Nature & Otherness

It’s all alive, it’s all connected, it’s all intelligent, it’s all relatives.” BIONEERS: Revolution from the heart of nature

This is our second entry in our series on othering. To learn more about this concept, please see our first post, Othering within the energy sector. In short, othering can be defined as a set of common processes and conditions that propagate marginality and group-based inequality. Members of the othered group are seen as less worthy of dignity and respect and ultimately denied their humanity. 

Prior to the rise of many modern cultural systems, our ancestors lived enmeshed within the natural world. They understood and respected the complex dynamics of the ecosystem and believed in maintaining a reciprocal relationship with nature and all other beings. Their stories paint a picture of communities prospering within the planetary boundaries while remaining spiritually connected to the Earth through ceremonies and rituals. In essence, they were bridging the gap between their society and nature.

In Bhutan, humans have maintained their connection to nature and live in harmony with the natural world. Bhutan is the first country to become carbon-negative.

Othering of Nature

Through various complex historical events, the widespread separation of humans from nature in Western culture slowly shaped the dominant narrative of many societies. Many experts argue that these values laid the foundations for anthropocentrism, a viewpoint asserting that human beings are the central, superior, and most significant beings in the world, apart from and above nature. This sense of superiority and separation has justified the exploitation of our planet and all other beings beyond the capability of restoration. Anthropocentrism has led to the viewpoint that nature is just a commodity and a resource that can be bought, sold, and exploited to meet the needs of humankind.

Today, more than 50% of the world’s population lives in urban areas, a proportion that is expected to increase every year. Many of us do not know where our food is produced, where our energy comes from, or where our massive piles of waste go to “disappear”. As the population and the economy grow, more ecosystems are sacrificed to pave the way for production facilities and resource extraction. The othering of nature now runs deep in our cultural, social, and economic paradigm and has led to the erasure of nature from our collective consciousness.

The current paradigm centered around colonization and exploitation and geoengineering of nature has led us to the age of anthropogenic climate change. Humans have significantly altered our planet’s ecosystems and biodiversity. Scientific evidence is finally proving what Indigenous peoples have known all along: we need a transformative change of our systems and our values to restore our connection to our planet to avoid the dire consequences of the climate crisis.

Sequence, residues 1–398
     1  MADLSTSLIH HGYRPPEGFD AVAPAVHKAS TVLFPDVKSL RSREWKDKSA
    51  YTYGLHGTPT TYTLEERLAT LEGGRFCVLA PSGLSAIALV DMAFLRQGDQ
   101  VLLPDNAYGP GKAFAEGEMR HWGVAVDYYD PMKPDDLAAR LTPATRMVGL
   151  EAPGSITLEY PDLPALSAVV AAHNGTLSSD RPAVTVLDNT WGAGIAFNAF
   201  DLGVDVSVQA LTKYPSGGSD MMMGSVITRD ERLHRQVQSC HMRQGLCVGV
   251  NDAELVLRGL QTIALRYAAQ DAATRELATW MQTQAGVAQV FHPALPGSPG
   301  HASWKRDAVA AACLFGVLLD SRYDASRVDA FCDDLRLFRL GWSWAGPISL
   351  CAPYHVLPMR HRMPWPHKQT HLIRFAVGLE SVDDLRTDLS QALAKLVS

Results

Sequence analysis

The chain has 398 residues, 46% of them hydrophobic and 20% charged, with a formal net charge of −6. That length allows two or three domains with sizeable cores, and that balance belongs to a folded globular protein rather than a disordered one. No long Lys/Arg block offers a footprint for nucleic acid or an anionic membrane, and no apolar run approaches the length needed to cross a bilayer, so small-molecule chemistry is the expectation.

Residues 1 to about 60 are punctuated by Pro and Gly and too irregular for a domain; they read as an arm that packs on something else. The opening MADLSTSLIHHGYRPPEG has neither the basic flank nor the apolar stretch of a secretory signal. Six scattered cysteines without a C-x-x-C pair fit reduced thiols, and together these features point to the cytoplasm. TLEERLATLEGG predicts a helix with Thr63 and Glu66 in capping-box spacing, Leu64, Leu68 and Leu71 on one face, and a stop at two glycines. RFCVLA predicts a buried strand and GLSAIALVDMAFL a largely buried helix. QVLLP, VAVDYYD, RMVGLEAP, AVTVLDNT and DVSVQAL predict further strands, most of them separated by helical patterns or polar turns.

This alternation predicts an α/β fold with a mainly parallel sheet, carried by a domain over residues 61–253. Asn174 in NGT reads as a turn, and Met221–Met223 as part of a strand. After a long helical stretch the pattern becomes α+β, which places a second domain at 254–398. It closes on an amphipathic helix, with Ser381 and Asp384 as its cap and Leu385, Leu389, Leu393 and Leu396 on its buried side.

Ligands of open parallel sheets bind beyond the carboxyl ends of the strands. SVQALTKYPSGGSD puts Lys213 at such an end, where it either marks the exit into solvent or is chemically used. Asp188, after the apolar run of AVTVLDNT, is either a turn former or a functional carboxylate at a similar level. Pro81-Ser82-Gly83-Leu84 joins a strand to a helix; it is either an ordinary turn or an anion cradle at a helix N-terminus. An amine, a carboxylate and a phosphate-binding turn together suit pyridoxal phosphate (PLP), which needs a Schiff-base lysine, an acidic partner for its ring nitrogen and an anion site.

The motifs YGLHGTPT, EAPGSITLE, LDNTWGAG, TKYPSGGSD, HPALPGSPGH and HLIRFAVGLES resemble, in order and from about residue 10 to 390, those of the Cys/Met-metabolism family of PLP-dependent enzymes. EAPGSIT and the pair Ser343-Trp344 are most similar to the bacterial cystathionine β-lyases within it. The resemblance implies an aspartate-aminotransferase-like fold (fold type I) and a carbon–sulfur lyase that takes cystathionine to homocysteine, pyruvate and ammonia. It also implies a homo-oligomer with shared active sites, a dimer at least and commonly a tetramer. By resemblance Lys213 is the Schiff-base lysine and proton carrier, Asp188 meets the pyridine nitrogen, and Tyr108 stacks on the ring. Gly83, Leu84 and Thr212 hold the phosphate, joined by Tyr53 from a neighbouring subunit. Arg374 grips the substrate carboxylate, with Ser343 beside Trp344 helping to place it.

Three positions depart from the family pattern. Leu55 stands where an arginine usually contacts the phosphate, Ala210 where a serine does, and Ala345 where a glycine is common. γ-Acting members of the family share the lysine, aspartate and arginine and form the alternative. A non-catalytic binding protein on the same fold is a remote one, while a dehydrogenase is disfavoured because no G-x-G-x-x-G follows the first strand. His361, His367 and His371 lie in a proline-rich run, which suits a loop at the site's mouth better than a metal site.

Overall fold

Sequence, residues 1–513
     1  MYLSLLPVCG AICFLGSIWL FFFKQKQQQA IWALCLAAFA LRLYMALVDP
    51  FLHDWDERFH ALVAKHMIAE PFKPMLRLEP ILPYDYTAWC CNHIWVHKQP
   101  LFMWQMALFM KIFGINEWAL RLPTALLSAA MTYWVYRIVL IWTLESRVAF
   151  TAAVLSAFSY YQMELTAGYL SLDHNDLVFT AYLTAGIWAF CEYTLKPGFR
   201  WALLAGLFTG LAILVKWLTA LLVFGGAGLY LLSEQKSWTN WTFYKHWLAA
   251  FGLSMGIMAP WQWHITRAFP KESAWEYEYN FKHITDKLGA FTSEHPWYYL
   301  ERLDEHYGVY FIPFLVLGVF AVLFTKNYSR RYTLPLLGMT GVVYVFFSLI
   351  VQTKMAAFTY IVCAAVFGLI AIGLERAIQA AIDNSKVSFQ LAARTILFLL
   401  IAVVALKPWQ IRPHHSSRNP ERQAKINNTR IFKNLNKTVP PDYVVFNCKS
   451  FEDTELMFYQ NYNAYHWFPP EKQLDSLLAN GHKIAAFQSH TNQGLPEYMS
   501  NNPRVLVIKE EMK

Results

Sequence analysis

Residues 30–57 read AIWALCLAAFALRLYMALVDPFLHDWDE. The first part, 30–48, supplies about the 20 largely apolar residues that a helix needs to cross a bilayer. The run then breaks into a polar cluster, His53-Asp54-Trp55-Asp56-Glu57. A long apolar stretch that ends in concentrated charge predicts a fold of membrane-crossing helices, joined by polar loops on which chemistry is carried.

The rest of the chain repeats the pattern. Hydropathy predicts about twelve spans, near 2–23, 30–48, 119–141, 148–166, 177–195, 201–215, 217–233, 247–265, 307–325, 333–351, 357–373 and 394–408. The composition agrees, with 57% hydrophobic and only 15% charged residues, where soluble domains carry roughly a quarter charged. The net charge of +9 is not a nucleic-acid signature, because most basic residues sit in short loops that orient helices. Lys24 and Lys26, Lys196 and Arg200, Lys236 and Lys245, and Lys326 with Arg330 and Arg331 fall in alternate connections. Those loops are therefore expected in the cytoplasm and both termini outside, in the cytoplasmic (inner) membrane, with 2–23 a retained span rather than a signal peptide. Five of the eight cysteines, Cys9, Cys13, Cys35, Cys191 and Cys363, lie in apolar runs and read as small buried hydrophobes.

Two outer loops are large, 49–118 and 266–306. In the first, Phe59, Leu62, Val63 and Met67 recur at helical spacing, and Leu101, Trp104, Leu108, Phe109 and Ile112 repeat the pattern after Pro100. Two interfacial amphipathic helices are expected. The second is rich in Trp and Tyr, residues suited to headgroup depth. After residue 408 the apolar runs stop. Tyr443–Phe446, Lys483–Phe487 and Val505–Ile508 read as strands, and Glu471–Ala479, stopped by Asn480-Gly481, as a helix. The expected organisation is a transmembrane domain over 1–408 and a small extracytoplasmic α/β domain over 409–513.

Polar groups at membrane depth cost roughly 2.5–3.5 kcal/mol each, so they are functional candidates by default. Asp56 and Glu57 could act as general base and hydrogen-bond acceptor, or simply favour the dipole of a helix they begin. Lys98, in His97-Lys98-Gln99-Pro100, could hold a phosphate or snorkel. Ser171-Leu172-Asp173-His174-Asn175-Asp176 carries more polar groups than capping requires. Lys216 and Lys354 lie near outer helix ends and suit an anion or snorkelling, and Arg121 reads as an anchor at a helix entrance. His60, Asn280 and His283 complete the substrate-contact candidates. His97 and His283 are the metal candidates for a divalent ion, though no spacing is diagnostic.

Clearcut #1, Palm Oil Plantation, Borneo, Malaysia, 2016.

Othering within the renewable energy sector

The climate crisis is complex, stemming from multiple oppressive systems, the loss of biodiversity, widespread pollution, and land and water exploitation. It is deeply rooted in the othering of nature and people, where their well-being is not valued. To mitigate global warming, the global community needs to reach 100% carbon neutrality by 2050. This requires a rapid transition away from fossil fuels. While the focus should be kept on how to live within the planetary boundaries and redefine our relationship to nature, the transition is instead centered around the switching of fuels, from nonrenewable ones to renewables ones. The switch tries to achieve an isolated change in a deeply interconnected system.

The rapid development of renewable energy technologies such as wind turbines, solar panels, electric vehicles, or battery storage to meet the ambitious 2050 target comes with its own limitations. These developments are heavily dependent upon nonrenewable materials including lithium and nickel. As such the demand for these are expected to explode by several hundred percent by 2050.  But industrial-sized mining is unsustainable: it results in the destruction of land and displacement of communities, destruction of local biodiversity, pollution of air, soil, ground, and surface water. In the name of addressing climate change, these mines are allowed to manipulate and change the local environment for the unforeseeable future. The idea that we can mine ourselves out of this crisis, demonstrates how far removed we are from understanding the complexity of our planet and its biosphere. For those of you who want to learn more about mineral extraction and the energy transition we strongly recommend reading the report by War On Want.

Tyrone Mine #3, Silver City, New Mexico, USA, 2012

The path forward

To address climate change we need to recognize that this is not only about replacing one fuel with another. It requires a change in how we view our natural world, how we use it, and the restructuring of the economic and power structure of our society. It’s about creating a world that is able to sustain itself within planetary boundaries. Instead of othering nature, we need to relearn how to live, work, and play within our planet, not against it. 

Join us on this journey as we bring science and traditional knowledge together to embrace nature and all beings in our collective circle of concern.

References

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